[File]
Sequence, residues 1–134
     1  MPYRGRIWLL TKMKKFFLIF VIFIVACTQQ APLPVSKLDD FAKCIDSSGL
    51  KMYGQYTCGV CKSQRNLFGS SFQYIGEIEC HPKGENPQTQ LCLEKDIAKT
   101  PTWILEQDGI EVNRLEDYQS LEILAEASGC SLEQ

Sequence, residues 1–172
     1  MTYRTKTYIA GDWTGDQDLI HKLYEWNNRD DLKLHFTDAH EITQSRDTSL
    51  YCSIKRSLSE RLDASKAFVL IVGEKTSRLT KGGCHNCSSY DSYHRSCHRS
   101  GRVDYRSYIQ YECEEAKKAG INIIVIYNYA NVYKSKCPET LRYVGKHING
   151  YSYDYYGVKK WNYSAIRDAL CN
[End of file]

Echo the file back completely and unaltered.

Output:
Sequence, residues 1–134
     1  MPYRGRIWLL TKMKKFFLIF VIFIVACTQQ APLPVSKLDD FAKCIDSSGL
    51  KMYGQYTCGV CKSQRNLFGS SFQYIGEIEC HPKGENPQTQ LCLEKDIAKT
   101  PTWILEQDGI EVNRLEDYQS LEILAEASGC SLEQ

Sequence, residues 1–172
     1  MTYRTKTYIA GDWTGDQDLI HKLYEWNNRD DLKLHFTDAH EITQSRDTSL
    51  YCSIKRSLSE RLDASKAFVL IVGEKTSRLT KGGCHNCSSY DSYHRSCHRS
   101  GRVDYRSYIQ YECEEAKKAG INIIVIYNYA NVYKSKCPET LRYVGKHING
   151  YSYDYYGVKK WNYSAIRDAL CN